Enjoy new release now!
Exactly!Originally Posted by encode
A10.jpg > 832,221
AcroRd32.exe > 1,481,357
english.dic > 955,049
FlashMX.pdf > 3,760,791
FP.LOG > 643,043
MSO97.DLL > 1,892,075
ohs.doc > 830,167
rafale.bmp > 1,067,373
vcfiu.hlp > 691,677
world95.txt > 584,426
Total = 12,738,179 bytes
On my machine LZPM compression times were too slow to keep retesting.
First run (uncached) for LZPM v0.08 compressed FP.log to 643,043 bytes in 000:00:13:16.542 (796.542 Seconds).
First run (uncached) for LPAQ1 (7) compressed FP.log to 402,796 bytes in 000:00:02:47.986 (167.986 Seconds).
First run (uncached) for CCMx v1.23 (c 5) compressed FP.log to 437,856 bytes in 43.322 Seconds.
First run (uncached) for QUAD v1.12 (-x) compressed FP.log to 619,701 bytes in 22.399 Seconds.
First run (uncached) for QUAD v1.12 compressed FP.log to 717,207 bytes in just 3.379 Seconds.
fp.log represents a corner case. This file contains a lots of long matches and Flexible Parsing tries all variants within a match to find the best choice.
For comparison, on my machine LZPM compresses fp.log within 65 seconds.
The catch in decompression. LZPM decompresses fp.log in less than a half second.
If decompression was the same as compression of course I never allow such speeds. But getting extra compression with no decompression speed loss is good idea. In practice, you compress a file just one time and decompress it many, many times.
Clearly that is a very reasonable compression time.Originally Posted by encode
Perhaps someone can explain why LZPM compression times are more than 12x faster on your machine than they are on my Sempron 2400+?
First times - compression, second - decompression.
Process Time = 122.203 = 00:02:02.203 = 99%
Global Time = 122.328 = 00:02:02.328 = 100%
Process Time = 1.921 = 00:00:01.921 = 75%
Global Time = 2.546 = 00:00:02.546 = 100%
Process Time = 17.375 = 00:00:17.375 = 166%
Global Time = 10.437 = 00:00:10.437 = 100%
Process Time = 1.593 = 00:00:01.593 = 82%
Global Time = 1.922 = 00:00:01.922 = 100%
Process Time = 33.296 = 00:00:33.296 = 99%
Global Time = 33.359 = 00:00:33.359 = 100%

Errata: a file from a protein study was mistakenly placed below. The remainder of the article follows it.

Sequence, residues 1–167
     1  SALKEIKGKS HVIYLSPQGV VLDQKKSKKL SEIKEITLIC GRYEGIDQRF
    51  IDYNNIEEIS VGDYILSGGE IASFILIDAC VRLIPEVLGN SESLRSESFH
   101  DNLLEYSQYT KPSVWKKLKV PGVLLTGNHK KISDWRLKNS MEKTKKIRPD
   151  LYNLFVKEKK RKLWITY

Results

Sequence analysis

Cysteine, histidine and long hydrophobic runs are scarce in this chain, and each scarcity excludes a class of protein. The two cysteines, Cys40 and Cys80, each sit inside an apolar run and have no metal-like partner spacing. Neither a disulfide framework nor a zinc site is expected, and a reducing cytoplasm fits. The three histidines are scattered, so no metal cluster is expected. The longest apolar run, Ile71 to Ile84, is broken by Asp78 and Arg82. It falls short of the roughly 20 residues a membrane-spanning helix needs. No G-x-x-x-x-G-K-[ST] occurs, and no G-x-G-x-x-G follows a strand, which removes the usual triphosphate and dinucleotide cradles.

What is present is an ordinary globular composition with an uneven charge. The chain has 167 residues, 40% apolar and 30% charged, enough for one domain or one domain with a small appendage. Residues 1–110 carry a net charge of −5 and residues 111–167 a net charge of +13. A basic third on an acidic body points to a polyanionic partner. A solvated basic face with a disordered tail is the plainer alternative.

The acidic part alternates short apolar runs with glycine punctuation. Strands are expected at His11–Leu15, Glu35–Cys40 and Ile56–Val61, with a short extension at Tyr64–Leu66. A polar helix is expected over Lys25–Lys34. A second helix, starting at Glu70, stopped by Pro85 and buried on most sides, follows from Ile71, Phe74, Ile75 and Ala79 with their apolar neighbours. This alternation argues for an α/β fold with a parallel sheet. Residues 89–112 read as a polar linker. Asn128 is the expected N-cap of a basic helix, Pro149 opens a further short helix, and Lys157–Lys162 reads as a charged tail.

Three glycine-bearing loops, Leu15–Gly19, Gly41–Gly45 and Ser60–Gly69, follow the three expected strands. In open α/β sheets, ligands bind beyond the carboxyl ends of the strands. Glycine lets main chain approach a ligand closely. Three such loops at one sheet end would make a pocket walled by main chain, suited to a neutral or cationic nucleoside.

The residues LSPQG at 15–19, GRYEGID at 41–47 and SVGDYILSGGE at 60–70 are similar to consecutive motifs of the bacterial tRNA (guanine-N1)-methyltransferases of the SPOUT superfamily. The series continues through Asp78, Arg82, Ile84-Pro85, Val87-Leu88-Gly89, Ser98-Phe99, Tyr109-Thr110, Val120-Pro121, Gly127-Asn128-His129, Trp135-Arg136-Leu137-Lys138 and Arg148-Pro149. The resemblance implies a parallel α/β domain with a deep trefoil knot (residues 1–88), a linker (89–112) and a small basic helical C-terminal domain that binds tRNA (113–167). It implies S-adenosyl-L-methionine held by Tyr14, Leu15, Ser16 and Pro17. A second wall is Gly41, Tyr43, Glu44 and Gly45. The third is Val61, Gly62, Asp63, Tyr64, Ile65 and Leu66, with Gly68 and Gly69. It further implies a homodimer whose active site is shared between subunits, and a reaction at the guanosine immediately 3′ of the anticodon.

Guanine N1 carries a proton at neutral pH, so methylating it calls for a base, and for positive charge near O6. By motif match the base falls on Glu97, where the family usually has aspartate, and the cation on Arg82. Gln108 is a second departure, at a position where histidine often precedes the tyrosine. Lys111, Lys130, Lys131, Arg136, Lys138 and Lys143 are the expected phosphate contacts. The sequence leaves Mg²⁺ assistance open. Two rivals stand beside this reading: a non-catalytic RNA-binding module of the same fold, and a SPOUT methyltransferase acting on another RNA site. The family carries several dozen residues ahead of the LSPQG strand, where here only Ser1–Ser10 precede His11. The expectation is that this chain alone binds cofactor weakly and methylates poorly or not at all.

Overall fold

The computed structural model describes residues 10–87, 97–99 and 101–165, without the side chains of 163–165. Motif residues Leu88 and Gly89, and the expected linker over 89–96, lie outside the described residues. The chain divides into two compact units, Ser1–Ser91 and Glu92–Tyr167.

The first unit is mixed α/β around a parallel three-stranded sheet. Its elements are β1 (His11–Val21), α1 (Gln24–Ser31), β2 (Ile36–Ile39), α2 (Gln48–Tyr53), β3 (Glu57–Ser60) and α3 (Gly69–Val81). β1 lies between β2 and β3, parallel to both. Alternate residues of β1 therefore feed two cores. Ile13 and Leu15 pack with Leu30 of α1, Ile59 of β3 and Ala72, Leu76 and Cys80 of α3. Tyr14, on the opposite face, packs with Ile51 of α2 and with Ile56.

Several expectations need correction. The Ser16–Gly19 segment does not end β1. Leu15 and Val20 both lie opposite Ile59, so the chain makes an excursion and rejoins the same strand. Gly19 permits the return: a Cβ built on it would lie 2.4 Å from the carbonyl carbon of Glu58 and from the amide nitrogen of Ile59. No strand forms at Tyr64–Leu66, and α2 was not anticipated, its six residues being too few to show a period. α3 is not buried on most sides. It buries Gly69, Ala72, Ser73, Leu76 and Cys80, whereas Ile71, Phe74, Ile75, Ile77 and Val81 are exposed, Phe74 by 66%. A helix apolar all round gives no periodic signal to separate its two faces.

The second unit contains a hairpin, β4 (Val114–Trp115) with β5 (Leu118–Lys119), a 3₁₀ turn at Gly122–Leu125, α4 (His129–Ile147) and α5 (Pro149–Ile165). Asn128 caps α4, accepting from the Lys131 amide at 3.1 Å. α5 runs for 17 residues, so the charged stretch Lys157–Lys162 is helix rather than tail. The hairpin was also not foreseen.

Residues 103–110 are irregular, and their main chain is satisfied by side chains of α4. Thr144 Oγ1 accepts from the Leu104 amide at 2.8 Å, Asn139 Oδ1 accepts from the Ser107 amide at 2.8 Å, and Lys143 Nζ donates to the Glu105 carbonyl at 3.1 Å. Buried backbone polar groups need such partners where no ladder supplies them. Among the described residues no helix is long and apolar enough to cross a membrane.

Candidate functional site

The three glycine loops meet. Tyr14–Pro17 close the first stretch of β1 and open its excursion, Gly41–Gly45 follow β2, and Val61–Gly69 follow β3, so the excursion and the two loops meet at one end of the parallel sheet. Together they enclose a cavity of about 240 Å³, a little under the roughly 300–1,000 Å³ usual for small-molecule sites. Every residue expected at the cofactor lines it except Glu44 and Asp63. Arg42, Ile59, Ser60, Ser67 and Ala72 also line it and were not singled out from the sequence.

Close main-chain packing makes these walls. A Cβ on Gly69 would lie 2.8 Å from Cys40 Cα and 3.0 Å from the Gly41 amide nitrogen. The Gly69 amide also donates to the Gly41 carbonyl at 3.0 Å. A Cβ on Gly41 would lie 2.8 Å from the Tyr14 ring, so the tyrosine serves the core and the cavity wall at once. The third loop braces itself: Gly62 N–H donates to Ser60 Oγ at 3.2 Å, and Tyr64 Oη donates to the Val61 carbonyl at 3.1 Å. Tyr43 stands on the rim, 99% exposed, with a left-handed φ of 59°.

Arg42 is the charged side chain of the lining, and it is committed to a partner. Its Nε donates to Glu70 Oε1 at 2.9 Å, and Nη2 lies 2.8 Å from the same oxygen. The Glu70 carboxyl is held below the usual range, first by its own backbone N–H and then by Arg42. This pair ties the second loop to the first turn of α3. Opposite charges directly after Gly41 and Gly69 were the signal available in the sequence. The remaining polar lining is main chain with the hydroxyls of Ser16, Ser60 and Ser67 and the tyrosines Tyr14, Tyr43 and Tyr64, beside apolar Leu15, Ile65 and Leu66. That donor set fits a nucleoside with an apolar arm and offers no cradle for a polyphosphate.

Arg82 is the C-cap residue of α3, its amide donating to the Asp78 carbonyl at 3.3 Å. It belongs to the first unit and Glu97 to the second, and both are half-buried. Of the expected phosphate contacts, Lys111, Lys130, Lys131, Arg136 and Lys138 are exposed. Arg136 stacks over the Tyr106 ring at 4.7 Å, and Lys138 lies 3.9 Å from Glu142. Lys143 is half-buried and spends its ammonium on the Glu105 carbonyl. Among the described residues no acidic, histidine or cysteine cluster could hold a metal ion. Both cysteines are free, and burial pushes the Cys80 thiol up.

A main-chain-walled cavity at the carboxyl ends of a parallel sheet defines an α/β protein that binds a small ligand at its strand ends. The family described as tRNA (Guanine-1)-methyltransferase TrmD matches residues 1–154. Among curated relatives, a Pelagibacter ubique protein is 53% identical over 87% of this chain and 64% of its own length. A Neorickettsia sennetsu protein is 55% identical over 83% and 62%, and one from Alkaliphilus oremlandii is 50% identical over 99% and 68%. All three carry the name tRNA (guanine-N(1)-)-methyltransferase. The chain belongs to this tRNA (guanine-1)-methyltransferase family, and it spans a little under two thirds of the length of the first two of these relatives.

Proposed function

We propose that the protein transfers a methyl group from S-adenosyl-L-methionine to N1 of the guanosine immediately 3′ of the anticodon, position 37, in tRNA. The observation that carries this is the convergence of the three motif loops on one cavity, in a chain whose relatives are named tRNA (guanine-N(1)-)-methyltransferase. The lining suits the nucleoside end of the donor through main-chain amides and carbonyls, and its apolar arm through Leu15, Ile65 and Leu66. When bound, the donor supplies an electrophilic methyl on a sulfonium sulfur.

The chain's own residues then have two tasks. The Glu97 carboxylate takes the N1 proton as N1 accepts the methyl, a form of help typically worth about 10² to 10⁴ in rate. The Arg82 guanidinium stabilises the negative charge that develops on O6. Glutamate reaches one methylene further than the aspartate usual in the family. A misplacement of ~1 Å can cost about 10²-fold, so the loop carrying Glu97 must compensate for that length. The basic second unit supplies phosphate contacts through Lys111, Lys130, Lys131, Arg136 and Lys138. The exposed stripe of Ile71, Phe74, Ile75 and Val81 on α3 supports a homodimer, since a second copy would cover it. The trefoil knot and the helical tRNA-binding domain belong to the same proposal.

Process Time = 0.546 = 00:00:00.546 = 63%
Global Time = 0.859 = 00:00:00.859 = 100%
Microsoft Office Word 11.0.6568
Process Time = 12.734 = 00:00:12.734 = 100%
Global Time = 12.719 = 00:00:12.719 = 100%
Process Time = 1.687 = 00:00:01.687 = 89
Global Time = 1.891 = 00:00:01.891 = 100
Process Time = 11.109 = 00:00:11.109 = 175%
Global Time = 6.328 = 00:00:06.328 = 100%
Process Time = 0.609 = 00:00:00.609 = 99%
Global Time = 0.610 = 00:00:00.610 = 100%
Process Time = 18.328 = 00:00:18.328 = 100%
Global Time = 18.328 = 00:00:18.328 = 100%
Process Time = 0.265 = 00:00:00.265 = 106%
Global Time = 0.250 = 00:00:00.250 = 100%
The key not is only in a faster CPU (Intel Core 2 Duo 2.40 GHz) but also in a faster memory - 2 GB DDR2 @ 800 MHz is a self explanatory.Originally Posted by LovePimple
Small L1 cache causes much cache misses, thus CPU has to use slower L2 cache, or even RAM. IMHO
On dualcore Pentium D 945 @ 3.4 GHz with 2 x 2048 KBytes L2 cache and dualchannel DDR2 @ 266.7 MHz it took 284 seconds to compress fp.log and 0.6 second to decompress.
Core 2 Duo rules!
I think that modern games just force users to purchase a new hardware! And one of the reasons of purchasing my new PC was a F.E.A.R. game.
Only optimisations modern games get are optimisations for income...
according to: http://agner.org/optimize/microarchitecture.pdf core 2 has:
so l1 cache of core 2 duo is 2 times smaller than l1 cache of athlon or duron or sempron. but athlons l1 cache is only 2 way, and l2 cache 8 way. core 2 has much larger l2 cache than current athlons. core 2 has also much better cache logic, ie. it more wisely decides which cache lines should be kept and which should be overwritten.The level-1 data cache is 32 kB, dual port, 8 way, 64 byte line size. The level-1 code cache
has the same size as the data cache.
There is one level-1 cache for each core, while the level-2 cache and bus interface unit is
shared between the cores. The level-2 combined cache is 2 or 4 MB, 16 ways.
in short, core 2 is a completely different architecture from k8/ k9 and benchmark results are likely to be much different than on athlons (speed- wise).
k8 architecture put emphasis on memory read/ write speed while core 2 emphasizes on better use of l2 cache.
Thanks to everyone for attempting to explain. I really didnt think that the difference in hardware was enough to show the 12x plus speed difference. Maybe 5x or 6x I could understand, but not 12x plus!!!